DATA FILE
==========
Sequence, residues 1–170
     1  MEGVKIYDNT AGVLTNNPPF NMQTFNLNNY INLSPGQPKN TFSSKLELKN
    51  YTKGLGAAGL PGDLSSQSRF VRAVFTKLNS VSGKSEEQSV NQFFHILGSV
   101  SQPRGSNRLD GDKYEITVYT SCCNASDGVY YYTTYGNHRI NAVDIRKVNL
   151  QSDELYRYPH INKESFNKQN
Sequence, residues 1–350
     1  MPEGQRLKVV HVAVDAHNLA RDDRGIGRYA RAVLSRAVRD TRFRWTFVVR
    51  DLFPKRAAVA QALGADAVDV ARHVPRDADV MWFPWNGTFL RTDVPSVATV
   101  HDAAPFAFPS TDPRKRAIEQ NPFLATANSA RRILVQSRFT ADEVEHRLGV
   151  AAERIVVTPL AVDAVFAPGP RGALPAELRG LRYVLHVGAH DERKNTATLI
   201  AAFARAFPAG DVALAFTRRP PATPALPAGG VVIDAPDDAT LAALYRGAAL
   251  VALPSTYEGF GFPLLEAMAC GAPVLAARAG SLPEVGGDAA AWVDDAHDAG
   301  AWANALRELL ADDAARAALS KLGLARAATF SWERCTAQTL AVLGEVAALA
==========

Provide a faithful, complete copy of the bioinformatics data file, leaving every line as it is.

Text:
Sequence, residues 1–170
     1  MEGVKIYDNT AGVLTNNPPF NMQTFNLNNY INLSPGQPKN TFSSKLELKN
    51  YTKGLGAAGL PGDLSSQSRF VRAVFTKLNS VSGKSEEQSV NQFFHILGSV
   101  SQPRGSNRLD GDKYEITVYT SCCNASDGVY YYTTYGNHRI NAVDIRKVNL
   151  QSDELYRYPH INKESFNKQN
Sequence, residues 1–350
     1  MPEGQRLKVV HVAVDAHNLA RDDRGIGRYA RAVLSRAVRD TRFRWTFVVR
    51  DLFPKRAAVA QALGADAVDV ARHVPRDADV MWFPWNGTFL RTDVPSVATV
   101  HDAAPFAFPS TDPRKRAIEQ NPFLATANSA RRILVQSRFT ADEVEHRLGV
   151  AAERIVVTPL AVDAVFAPGP RGALPAELRG LRYVLHVGAH DERKNTATLI
   201  AAFARAFPAG DVALAFTRRP PATPALPAGG VVIDAPDDAT LAALYRGAAL
   251  VALPSTYEGF GFPLLEAMAC GAPVLAARAG SLPEVGGDAA AWVDDAHDAG
   301  AWANALRELL ADDAARAALS KLGLARAATF SWERCTAQTL AVLGEVAALA